ATLANTA – The high number of diabetic patients walking through the door overwhelmed Janie McGhin, a nurse practitioner in South Georgia.
“It didn’t really feel like I had the time to teach these patients what they needed to know about diabetes,” McGhin said, who was working at a family physician’s office at the time. “I didn’t feel I was doing them justice.”
So McGhin decided to go out on her own and start a practice in Valdosta focused on helping adults manage their diabetes, although her clinic also sees patients with more general health needs.
But as a nurse practitioner, McGhin works under state-imposed limitations. Even though she has her own clinic, Partners in Health Management, state law requires she work under the supervision of a physician who must sign off on some routine day-to-day decisions, such as an order for a CT scan.
“That is another step. Is that cost effective? No, and it delays care,” McGhin said.
That’s why a key state lawmaker, Sen. Renee Unterman, R-Buford, wants to nix that limitation for nurses with advanced degrees who work in rural Georgia, where there’s a shortage of medical providers.
Unterman, who chairs the Senate Health and Human Services Committee, has introduced a measure that would empower the nurses to practice to the fullest extent of their training.
“I just think it’s a shame that, here at the General Assembly, they’ve been held back and repressed for so long,” Unterman said during an interview at the state Capitol.
Georgia has one of the most restrictive laws for nurse practitioners. Nationally, 22 states and the District of Columbia grant them what is known as full-practice authority.
Meanwhile, there are nine counties in Georgia with no physician. Dozens of other counties have no pediatricians or obstetric and gynecological doctors.
Proponents argue expanding the scope of practice for nurse practitioners could help fill in the health-care gaps in a growing state with increasing needs, especially with primary care. Nurse practitioners can also specialize in certain areas, such as pediatric care or mental health treatment.
“Everybody says, ‘Oh, it’s anti-doctor,’” Unterman said of her proposal. “It has nothing to do with that. It’s about access to care, and if you have a ready, willing and able workforce out there that’s willing to fill in the gap, I say let them have it.”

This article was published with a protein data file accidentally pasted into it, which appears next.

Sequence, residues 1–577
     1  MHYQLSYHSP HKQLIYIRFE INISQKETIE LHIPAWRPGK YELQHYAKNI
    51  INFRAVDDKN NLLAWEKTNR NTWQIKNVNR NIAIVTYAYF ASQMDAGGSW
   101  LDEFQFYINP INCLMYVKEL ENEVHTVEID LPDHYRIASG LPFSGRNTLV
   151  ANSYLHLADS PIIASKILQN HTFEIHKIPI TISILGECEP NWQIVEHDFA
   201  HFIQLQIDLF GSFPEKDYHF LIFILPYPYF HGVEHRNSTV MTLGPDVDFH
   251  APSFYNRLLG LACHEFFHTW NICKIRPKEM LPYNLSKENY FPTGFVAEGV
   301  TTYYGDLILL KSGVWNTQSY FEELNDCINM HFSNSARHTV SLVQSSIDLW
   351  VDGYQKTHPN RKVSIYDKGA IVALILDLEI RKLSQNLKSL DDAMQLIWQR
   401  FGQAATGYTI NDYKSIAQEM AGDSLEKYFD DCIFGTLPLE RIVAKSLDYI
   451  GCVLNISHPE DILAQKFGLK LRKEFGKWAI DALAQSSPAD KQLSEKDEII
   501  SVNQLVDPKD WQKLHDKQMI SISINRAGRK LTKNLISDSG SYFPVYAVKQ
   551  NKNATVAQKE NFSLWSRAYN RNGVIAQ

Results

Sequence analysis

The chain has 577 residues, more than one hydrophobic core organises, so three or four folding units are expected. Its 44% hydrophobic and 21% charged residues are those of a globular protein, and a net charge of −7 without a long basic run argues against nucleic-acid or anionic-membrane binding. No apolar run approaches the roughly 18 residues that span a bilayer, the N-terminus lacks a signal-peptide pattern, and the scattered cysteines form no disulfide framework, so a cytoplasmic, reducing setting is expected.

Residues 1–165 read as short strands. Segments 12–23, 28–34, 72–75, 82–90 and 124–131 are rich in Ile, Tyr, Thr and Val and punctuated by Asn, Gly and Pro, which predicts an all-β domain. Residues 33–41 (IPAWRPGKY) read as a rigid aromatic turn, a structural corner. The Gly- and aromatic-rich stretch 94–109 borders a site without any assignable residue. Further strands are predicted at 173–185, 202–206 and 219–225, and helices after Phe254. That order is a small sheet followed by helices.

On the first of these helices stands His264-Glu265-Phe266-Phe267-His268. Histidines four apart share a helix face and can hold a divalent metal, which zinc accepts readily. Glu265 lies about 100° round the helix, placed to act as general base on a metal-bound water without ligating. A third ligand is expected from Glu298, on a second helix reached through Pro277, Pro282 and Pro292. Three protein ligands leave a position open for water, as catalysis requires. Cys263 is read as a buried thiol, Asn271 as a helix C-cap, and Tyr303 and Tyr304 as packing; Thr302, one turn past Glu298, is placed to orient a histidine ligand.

Nurse practitioners have tried to assuage those concerns with a charm offensive at the state Capitol. Groups of nurses representing advanced practice registered nurses recently descended on the Gold Dome with heart-shaped lollypops taped to this reassuring sentiment: “APRNs LOVE physicians!”
Nurses want to work with physicians, just without the legal contract, proponents say.
But the Medical Association of Georgia, which represents the state’s physicians, hasn’t been wooed.
Bethany Sherrer, a lobbyist for the association, noted that the proposal only identifies qualifying counties based on their population, not the actual need for medical providers. The bill would apply to nurses who work primarily in counties with fewer than 50,000 residents.
Sherrer said nurse practitioners can set up in those same rural counties today, as long as they have an agreement with a physician.
Rather, the association would prefer to see state lawmakers spend their energy on expanding broadband in rural Georgia to support telemedicine, which enables doctors and others to use technology to treat patients remotely.
“We just want to put patient care at the center of these decisions and make sure patients are getting high-quality care and that the care isn’t different for someone in a rural area versus someone in an urban area,” Sherrer said.
Unterman said the battle brewing under the Gold Dome really amounts to a “turf war.”
“It is an archaic system that is based on male dominance,” said the Republican lawmaker, who started her career as a nurse.
She said her bill marks the first real push from nurses to expand their scope of practice in Georgia.
The bill currently sits in Unterman’s Senate committee. If it clears the Senate, the measure may face tough odds in the House, where rural lawmakers recently decided not to spend the session grappling with the contentious issue.
McGhin and other nurse practitioners interviewed for this story made it clear they see expanded scope of practice for rural nurses as a first step toward obtaining the same privileges for their colleagues throughout Georgia, whether rural or urban.
But they also stressed they know when to refer a patient to a physician. As an example, McGhin said she recently sent a patient with out-of-control sugar levels to an endocrinologist.
“We are not trying to replace physicians,” said Serenia Carnegie, president of the South Georgia Association of Nurse Practitioners. “We are not trying to assume all health-care responsibilities.
“We’re just trying to expand access to care so that people in the rural communities have good access to health care just like they do in bigger cities,” Carnegie said.
Jill Nolin covers the Georgia Statehouse for The Valdosta Daily Times, CNHI's newspapers and websites.